Archive | December, 2015

For Researchers, Risk Is a Vanishing Luxury

The Chronicle of Higher Education — For Researchers, Risk Is a Vanishing Luxury: In her latest book, Roberta Ness, vice president for innovation at the University of Texas School of Public Health, says a basic mission of the American research university is eroding, with predictability prized over boldness at almost every level.

Universities increasingly judge faculty members on not just their research or teaching, but also their ability to pull in dollars. They hire scientists who pay their entire salaries through grants, an employment deal that breeds incrementalism. They use metrics biased toward short-term productivity. To guide their hiring, they use peer evaluations, which, research has shown, are naturally hostile to radical ideas.

“The lack of risk taking and associated conservatism is one of the most dispiriting aspects of modern university life,” said Andrew F. Read, a professor and director of the Center for Infectious Disease Dynamics at Pennsylvania State University. “I don’t see too many people in leadership roles worrying about it.”

Something that algorithms offer, or promise to offer, is predictability. One way algorithms may be influencing humans in perceptible, concrete ways is in valuing too highly algorithmic, computational, safely predictive thinking over abstract, associational, riskily speculative thinking.

For Researchers, Risk Is a Vanishing Luxury

The Chronicle of Higher Education — For Researchers, Risk Is a Vanishing Luxury: In her latest book, Roberta Ness, vice president for innovation at the University of Texas School of Public Health, says a basic mission of the American research university is eroding, with predictability prized over boldness at almost every level.

Universities increasingly judge faculty members on not just their research or teaching, but also their ability to pull in dollars. They hire scientists who pay their entire salaries through grants, an employment deal that breeds incrementalism. They use metrics biased toward short-term productivity. To guide their hiring, they use peer evaluations, which, research has shown, are naturally hostile to radical ideas.

“The lack of risk taking and associated conservatism is one of the most dispiriting aspects of modern university life,” said Andrew F. Read, a professor and director of the Center for Infectious Disease Dynamics at Pennsylvania State University. “I don’t see too many people in leadership roles worrying about it.”

Something that algorithms offer, or promise to offer, is predictability. One way algorithms may be influencing humans in perceptible, concrete ways is in valuing too highly algorithmic, computational, safely predictive thinking over abstract, associational, riskily speculative thinking.

Refusing to Be Evaluated by a Formula

Insider Higher Education — Refusing to Be Evaluated by a Formula: Rutgers faculty members, citing philosophical concerns and errors, are pushing back against the use of Academic Analytics to evaluate their productivity.

Martínez-San Miguel [professor of Latino and Hispanic Caribbean studies at Rutgers] gave the company the benefit of the doubt, guessing that at least some of the errors in her profile were the result a working algorithm that doesn’t value many of the interdisciplinary and Spanish-language journals she’s published in, as opposed to pure inaccuracy. Still, she asked, “How is this going to affect the next generation? Will they only publish in journals that are ranked, and does that preclude taking intellectual risks?”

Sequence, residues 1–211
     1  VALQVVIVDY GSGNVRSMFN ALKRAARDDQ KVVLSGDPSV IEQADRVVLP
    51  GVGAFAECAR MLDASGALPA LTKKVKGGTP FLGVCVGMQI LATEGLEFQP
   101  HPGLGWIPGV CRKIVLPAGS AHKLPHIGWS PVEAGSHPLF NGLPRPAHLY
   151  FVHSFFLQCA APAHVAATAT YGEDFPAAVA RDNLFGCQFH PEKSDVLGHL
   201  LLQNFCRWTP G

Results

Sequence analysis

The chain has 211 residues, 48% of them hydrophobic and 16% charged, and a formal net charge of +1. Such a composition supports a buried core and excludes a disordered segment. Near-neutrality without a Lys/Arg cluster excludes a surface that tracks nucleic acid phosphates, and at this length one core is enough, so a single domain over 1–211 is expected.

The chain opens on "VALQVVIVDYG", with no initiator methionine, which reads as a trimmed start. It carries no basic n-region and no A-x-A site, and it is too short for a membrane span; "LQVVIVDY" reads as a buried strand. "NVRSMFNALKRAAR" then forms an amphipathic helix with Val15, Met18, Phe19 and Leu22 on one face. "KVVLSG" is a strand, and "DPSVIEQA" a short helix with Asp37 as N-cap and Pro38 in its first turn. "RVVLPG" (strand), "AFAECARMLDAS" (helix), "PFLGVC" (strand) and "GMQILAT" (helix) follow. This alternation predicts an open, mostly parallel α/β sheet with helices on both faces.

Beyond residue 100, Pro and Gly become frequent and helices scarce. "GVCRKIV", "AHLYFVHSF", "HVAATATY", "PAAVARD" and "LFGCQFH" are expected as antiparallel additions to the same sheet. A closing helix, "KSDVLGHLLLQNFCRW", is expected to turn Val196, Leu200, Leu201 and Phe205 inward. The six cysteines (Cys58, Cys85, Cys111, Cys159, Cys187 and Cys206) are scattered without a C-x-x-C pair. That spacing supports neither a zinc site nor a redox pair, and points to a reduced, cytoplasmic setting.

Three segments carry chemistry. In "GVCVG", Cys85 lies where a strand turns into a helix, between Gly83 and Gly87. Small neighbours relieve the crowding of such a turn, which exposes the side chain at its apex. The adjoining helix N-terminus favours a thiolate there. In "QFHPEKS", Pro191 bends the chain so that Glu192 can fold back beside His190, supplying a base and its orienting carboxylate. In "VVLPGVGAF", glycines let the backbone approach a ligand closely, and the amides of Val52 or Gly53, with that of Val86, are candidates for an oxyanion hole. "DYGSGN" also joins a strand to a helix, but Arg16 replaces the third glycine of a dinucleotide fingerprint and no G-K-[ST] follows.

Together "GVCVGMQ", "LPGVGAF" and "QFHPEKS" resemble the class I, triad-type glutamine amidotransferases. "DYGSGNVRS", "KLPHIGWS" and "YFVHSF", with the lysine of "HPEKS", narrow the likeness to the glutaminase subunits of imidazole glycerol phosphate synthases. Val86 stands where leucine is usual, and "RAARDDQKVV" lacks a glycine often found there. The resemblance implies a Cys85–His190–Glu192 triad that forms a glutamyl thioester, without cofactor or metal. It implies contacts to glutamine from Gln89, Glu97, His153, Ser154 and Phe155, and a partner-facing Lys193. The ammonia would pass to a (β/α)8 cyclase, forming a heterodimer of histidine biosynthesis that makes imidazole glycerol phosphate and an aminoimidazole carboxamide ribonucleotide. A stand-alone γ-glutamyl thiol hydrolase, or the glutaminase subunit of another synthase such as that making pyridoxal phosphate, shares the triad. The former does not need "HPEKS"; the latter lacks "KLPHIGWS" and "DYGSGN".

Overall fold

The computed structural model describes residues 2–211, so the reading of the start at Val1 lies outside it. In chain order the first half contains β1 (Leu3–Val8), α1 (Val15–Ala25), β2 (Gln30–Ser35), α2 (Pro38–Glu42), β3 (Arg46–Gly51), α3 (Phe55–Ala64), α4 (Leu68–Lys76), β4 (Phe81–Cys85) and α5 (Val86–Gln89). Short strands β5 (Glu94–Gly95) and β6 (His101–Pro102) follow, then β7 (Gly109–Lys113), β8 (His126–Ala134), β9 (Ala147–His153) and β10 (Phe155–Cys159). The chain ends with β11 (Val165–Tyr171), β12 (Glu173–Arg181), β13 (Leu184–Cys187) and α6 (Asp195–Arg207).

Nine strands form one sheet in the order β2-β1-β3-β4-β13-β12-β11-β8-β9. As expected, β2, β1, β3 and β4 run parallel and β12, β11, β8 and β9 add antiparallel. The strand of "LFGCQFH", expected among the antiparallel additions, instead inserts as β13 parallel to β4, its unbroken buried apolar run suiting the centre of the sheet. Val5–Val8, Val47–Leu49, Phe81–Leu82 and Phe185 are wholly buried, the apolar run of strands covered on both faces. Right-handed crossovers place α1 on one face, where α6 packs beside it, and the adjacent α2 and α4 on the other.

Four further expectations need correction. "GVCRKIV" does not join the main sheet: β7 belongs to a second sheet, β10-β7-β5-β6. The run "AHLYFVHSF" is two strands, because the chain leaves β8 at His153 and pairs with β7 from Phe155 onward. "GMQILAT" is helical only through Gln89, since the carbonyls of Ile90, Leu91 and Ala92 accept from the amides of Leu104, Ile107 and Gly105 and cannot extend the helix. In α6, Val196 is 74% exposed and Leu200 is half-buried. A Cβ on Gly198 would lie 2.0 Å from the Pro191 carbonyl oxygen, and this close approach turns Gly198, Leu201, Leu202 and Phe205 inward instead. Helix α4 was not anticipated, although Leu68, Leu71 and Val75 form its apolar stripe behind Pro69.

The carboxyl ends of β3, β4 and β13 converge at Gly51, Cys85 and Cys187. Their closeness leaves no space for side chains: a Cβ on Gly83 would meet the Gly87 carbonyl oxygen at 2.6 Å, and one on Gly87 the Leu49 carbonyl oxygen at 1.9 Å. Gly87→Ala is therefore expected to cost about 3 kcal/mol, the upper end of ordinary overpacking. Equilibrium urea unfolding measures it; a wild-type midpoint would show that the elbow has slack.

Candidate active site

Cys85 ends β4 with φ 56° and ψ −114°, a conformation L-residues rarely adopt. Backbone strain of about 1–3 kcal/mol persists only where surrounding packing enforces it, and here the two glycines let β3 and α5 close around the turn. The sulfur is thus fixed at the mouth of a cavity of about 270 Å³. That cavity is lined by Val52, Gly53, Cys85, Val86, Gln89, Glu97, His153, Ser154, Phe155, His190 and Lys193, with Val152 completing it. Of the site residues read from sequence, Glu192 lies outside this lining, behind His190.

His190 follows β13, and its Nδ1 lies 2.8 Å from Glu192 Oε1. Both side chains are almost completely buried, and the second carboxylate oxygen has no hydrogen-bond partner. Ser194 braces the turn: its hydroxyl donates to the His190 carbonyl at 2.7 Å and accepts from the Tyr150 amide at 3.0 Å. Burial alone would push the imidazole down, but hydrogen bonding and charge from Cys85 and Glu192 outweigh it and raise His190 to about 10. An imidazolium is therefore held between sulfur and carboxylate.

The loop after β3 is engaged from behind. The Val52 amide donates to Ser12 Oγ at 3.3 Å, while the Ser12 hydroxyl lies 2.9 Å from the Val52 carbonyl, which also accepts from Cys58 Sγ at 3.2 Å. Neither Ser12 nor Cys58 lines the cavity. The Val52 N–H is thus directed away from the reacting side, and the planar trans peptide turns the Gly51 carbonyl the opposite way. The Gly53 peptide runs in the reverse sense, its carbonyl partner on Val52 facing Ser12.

Refusing to Be Evaluated by a Formula

Insider Higher Education — Refusing to Be Evaluated by a Formula: Rutgers faculty members, citing philosophical concerns and errors, are pushing back against the use of Academic Analytics to evaluate their productivity.

Martínez-San Miguel [professor of Latino and Hispanic Caribbean studies at Rutgers] gave the company the benefit of the doubt, guessing that at least some of the errors in her profile were the result a working algorithm that doesn’t value many of the interdisciplinary and Spanish-language journals she’s published in, as opposed to pure inaccuracy. Still, she asked, “How is this going to affect the next generation? Will they only publish in journals that are ranked, and does that preclude taking intellectual risks?”

When Your Boss Is an Uber Algorithm

MIT Technology Review – When Your Boss Is an Uber Algorithm: How Uber controls its drivers despite its claims to be a neutral platform

She [Carnegie Mellon University researcher Min Kyung Lee] found that much of the time they were happy with the “algorithmic management” that assigned fares and raised rates during busy periods. But drivers also complained that they were sometimes pushed to do things that seemed unreasonable, such as make pickups that weren’t nearby.

When Your Boss Is an Uber Algorithm

MIT Technology Review – When Your Boss Is an Uber Algorithm: How Uber controls its drivers despite its claims to be a neutral platform

She [Carnegie Mellon University researcher Min Kyung Lee] found that much of the time they were happy with the “algorithmic management” that assigned fares and raised rates during busy periods. But drivers also complained that they were sometimes pushed to do things that seemed unreasonable, such as make pickups that weren’t nearby.